1. Do you want to practice in a large firm? If not, what is the largest firm that you would want to practice in?
  2. What is driving the desire to merge?
  3. If the desire to merge is being driven by a desire to retreat from internal problems – what have you done to address these issues internally? 
  4. Is your name being part of the firm name important to you?
  5. What are your expectations and objectives for a merger?
  6. What are you looking from a merger partner?

Make sure that you look for a complimentary fit. Since you are weak in firm leadership, management and administration – look for a partner that is strong in these areas. Strong leadership, management, and administration may be hard to find in a firm under 25 attorneys.

John W. Olmstead, MBA, Ph.D, CMC

May 14, 2009


Two Attorney Compensaton System

Question:

Our firm has been getting by for 18 months since start-up.  We are starting to get some repeat business and I think we on our way.  However, my partner looked at the numbers for 2008 and realized that she made about a third more money last year, both in terms of actual dollars for her work and in terms of origination. Our actual hours were roughly even, but there might have been some slighter disparity.  Now were are having that first talk about changing from the straight 50-50 split to the perhaps the other extreme of "each woman for herself" (after jointly paying basic expenses).  What are your suggestions?

Response:

I have reviewed your comments. In small firms the best systems are those that are simple, easy to understand, and easy to implement. Often two partners start out on a 50%-50% arrangement and the arrangement eventually has to be changed when and if their situations change that has a major impact upon their overall contributions to the firm. (Notice I used the word contributions – not necessarily – fees collected).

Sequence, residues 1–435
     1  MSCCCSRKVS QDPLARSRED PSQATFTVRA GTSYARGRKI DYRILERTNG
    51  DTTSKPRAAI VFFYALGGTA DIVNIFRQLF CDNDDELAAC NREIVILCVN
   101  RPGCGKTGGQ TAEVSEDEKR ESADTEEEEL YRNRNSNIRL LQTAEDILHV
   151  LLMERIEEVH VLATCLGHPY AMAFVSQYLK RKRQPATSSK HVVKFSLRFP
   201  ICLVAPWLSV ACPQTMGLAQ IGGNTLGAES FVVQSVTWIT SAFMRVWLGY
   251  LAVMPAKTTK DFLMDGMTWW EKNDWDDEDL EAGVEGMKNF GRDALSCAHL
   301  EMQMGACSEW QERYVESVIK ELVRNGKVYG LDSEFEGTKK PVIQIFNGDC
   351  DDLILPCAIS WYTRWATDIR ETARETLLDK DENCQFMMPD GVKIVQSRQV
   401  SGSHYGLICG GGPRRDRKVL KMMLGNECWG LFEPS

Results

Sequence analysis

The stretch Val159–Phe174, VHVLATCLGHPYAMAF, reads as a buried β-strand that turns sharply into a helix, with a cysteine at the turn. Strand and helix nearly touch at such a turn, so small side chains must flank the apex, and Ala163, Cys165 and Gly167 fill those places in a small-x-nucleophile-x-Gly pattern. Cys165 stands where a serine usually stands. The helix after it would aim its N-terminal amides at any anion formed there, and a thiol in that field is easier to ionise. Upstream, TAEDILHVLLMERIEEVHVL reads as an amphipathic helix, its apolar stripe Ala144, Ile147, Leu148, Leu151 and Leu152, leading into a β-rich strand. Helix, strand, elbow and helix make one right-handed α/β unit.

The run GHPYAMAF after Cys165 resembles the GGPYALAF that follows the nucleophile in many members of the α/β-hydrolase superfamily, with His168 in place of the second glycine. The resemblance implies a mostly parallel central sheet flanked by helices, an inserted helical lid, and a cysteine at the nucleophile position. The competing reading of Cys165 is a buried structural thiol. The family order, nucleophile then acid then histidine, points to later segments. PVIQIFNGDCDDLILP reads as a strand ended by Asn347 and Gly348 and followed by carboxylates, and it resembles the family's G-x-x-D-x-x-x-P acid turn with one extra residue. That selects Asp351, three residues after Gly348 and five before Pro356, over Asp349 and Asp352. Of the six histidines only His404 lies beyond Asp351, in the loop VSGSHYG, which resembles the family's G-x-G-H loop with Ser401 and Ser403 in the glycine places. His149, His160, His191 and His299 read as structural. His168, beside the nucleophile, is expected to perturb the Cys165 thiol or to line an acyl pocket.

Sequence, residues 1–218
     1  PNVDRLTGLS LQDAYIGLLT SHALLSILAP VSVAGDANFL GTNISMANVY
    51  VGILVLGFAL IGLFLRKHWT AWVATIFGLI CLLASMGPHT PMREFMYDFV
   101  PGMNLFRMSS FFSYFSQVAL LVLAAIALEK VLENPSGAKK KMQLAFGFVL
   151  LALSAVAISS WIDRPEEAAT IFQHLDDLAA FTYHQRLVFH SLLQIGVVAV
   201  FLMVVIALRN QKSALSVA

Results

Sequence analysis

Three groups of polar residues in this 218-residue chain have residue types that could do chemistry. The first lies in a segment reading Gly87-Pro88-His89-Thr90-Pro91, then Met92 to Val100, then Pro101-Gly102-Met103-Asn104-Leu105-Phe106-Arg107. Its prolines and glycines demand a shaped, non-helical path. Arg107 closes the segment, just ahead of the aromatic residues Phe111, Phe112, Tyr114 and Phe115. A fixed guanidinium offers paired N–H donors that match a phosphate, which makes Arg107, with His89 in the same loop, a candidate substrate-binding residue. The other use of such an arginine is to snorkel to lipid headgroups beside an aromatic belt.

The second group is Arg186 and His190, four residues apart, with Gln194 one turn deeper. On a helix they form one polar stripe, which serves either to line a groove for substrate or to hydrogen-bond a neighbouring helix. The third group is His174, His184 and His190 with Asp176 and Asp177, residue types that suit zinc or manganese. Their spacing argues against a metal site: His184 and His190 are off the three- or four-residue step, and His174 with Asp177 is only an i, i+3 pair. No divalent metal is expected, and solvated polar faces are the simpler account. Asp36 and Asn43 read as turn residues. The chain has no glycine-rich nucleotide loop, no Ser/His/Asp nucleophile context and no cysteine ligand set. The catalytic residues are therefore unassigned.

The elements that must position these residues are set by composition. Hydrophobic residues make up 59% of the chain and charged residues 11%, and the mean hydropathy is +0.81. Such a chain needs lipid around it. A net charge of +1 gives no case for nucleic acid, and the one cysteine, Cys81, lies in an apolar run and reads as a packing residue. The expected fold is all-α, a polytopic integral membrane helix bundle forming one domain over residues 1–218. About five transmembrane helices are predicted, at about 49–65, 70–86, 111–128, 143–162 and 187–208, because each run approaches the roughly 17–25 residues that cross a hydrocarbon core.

However, until level of contributions change – I have often seen 50% arrangements work well in small firms that are looking to build a Firm – rather than simply their own practice and earn as much money as they can for themselves. When level of contributions change – in a healthy partner culture – the partners will be able to talk to each other and sit down and discuss an alternative arrangement that makes sense for them.

I encourage firms to look beyond single year timeframes – typically 3-5 year cycles. Sometimes in healthy firm cultures one partner may need to carry the other partner for awhile. For example, an attorney with a PI plaintiff practice may have wide swings and may need to be carried in lean times – but when the big fee comes in both share in the benefits. In other situations billing cycles mandated by clients, etc. can impact timing of collections. In your firm – it may be a little early yet to have a true picture concerning contribution. Sounds like you are both putting in about the same time investment in the firm and commitment even though one's numbers are higher. Is one of you managing the firm or doing other activities that still benefits the firm?

You must ask yourselves what kind of firm you want to be – team-based firm or group of space sharers or partnership of individual firms. Eat-what-you kill compensation systems are not appropriate for law firms that want to build a firm and create a team-based practice since such compensation systems typically reinforce "lone ranger" behavior resulting in a "me first vs firm first" orientation. It is hard to build a team-based firm with such an orientation. However, some firms do not want to practice as team-based firms – they want to practice as groups of individuals. For these firms such a system may be appropriate.

The challenge will be to nail down a method of allocation revenue and overhead that is fair and equitable to both of you. Compensation systems should do more than simply allocate the pie – they should reinforce the behaviors and efforts that the firm seeks from its attorneys. Many firms are discovering that desired behaviors and results must go beyond short term fee production and must include contributions in areas such as marketing, mentoring, firm management, etc. to ensure the long term viability of the firm. Eat-what-you-kill systems discourage these behaviors.